The Life of Samuel Johnson, D.D.: The First President of King's College, in New York. Containing Many Interesting Anecdotes; a General View of the State of Religion and Learning in Connecticut During the Former Part of the Last Century; and an Account of the Institution and Rise of Yale College, Connecticut; and of King's (now Columbia) College, New-York (Google eBook)
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Page 54 - If you put this question to me," says Sir Robert, "as a minister, I must and can assure you, that the money shall most undoubtedly be paid as soon as suits with public convenience: but if you ask me as a friend, whether Dean Berkeley should continue in America, expecting the payment of 20,000/., I advise him by all means to return home to Europe, and to give up his present expectations.
Page 52 - He showed me a little tract which he designs to publish, and there your excellency will see his whole scheme of a life academico-philosophical...
Page 161 - ... the existence of which I am so far from questioning (as philosophers are used to do), that I establish it, I think, upon evident principles. Now, it seems very easy...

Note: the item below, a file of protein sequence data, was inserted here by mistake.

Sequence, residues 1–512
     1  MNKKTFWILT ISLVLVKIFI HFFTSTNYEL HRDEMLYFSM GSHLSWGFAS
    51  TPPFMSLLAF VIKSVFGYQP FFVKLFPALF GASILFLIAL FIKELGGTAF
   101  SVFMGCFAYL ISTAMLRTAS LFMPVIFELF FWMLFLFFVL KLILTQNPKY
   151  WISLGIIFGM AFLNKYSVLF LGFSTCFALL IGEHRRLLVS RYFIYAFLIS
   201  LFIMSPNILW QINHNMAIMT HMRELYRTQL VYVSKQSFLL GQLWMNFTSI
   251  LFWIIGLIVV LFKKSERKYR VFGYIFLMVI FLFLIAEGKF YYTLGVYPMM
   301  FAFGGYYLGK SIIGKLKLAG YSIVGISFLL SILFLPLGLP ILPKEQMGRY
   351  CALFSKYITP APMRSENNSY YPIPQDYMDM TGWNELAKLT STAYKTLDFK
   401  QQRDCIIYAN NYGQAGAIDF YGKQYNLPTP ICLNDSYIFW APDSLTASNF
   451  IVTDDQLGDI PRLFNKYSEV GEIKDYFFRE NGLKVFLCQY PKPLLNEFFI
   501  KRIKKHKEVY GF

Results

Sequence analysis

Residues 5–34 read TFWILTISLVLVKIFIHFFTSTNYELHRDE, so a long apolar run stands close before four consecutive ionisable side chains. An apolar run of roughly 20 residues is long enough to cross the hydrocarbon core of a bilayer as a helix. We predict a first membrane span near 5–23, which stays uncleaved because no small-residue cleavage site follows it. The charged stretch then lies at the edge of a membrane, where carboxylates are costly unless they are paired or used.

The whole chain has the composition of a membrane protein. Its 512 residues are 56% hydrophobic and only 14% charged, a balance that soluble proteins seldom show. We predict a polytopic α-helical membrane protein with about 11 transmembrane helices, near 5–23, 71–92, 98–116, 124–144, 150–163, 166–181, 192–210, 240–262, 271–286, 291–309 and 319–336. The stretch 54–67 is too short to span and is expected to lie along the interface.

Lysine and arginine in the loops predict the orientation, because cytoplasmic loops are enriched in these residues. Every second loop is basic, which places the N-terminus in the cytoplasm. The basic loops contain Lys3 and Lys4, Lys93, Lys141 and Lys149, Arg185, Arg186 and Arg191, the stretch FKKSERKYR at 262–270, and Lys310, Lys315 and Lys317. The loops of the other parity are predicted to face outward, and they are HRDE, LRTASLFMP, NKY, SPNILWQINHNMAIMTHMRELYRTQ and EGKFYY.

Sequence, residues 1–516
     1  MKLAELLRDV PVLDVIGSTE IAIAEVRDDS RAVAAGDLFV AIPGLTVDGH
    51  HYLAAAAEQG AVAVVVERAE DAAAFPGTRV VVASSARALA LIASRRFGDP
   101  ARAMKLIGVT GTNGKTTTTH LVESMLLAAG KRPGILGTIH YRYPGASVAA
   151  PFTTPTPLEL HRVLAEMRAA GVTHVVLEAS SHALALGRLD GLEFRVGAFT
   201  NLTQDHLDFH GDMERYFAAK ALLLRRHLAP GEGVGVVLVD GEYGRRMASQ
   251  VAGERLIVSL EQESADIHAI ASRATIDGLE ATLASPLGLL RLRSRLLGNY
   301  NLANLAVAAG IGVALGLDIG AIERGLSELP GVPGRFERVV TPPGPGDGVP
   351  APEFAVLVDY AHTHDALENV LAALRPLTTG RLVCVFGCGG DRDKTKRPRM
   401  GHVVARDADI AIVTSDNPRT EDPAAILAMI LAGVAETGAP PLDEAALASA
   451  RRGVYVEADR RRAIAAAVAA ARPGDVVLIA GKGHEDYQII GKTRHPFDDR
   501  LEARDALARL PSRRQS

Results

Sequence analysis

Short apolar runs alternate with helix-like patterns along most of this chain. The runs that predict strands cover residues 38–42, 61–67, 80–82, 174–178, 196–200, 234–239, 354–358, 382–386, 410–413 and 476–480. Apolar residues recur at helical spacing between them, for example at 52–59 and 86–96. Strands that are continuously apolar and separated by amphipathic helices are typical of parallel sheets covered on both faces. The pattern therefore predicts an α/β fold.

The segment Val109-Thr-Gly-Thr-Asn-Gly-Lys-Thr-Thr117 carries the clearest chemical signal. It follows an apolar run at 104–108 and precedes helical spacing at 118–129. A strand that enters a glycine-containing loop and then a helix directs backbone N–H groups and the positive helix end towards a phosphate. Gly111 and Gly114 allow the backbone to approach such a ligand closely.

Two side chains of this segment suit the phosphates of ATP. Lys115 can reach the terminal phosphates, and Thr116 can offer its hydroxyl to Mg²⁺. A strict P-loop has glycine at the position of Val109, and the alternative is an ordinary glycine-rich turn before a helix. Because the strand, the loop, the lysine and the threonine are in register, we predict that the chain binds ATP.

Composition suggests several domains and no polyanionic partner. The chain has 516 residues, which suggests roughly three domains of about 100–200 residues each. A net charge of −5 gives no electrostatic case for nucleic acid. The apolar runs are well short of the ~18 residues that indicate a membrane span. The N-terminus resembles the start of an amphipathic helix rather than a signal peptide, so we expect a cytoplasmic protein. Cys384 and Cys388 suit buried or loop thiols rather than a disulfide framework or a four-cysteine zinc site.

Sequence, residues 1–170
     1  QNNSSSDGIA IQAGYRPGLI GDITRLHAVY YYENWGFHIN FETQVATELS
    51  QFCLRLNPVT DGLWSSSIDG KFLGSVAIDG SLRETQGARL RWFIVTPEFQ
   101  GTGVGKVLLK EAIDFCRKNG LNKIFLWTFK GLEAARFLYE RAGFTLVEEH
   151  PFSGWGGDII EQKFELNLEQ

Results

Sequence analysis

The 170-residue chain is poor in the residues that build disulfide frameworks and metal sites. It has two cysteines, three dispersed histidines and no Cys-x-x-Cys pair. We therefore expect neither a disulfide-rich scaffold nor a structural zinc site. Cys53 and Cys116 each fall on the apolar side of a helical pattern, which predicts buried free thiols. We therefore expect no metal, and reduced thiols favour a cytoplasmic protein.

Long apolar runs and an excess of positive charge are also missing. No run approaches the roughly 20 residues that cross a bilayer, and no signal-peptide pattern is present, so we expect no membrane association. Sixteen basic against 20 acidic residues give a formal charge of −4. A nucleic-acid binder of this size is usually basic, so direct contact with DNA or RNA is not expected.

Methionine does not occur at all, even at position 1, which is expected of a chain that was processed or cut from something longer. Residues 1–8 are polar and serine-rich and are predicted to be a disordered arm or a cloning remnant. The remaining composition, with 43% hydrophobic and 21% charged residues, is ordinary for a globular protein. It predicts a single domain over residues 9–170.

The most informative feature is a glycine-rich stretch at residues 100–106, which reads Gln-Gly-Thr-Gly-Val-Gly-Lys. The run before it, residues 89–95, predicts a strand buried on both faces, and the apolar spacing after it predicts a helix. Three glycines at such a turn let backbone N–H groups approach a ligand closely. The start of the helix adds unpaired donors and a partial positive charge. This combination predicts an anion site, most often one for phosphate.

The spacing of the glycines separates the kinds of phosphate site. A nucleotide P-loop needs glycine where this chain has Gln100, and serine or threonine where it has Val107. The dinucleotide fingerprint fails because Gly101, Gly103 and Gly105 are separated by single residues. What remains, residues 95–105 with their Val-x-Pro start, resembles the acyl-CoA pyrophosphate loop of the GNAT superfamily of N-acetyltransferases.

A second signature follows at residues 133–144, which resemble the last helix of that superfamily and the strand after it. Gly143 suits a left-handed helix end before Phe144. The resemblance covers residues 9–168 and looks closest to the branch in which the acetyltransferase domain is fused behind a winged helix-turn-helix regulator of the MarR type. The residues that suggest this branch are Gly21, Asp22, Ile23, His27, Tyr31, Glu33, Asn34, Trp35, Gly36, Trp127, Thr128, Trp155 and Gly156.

Page 161 - I had no inclination to trouble the -world with large volumes. What I have done was rather with a view of giving hints to thinking men, who have leisure and curiosity to go to the bottom of things, and pursue them in their own minds.
Page 52 - Indian scholars and missionaries, where he most exorbitantly proposeth a whole hundred pounds a year for himself, forty pounds for a fellow, and ten for a student.
Page 7 - Rector take special care, as of the moral behaviour of the Students at all times, so with industry to instruct and ground them well in Theoretical Divinity ; and to that end, shall neither by himself, nor by any other person whomsoever, allow them to be instructed and grounded in any other system, or synopsis, of Divinity, than such as the said Trustees do order and appoint...
Page 52 - He is an absolute philosopher with regard to money, titles, and power; and, for three years past, has been struck with a notion of founding a university at Bermudas, by a charter from the crown.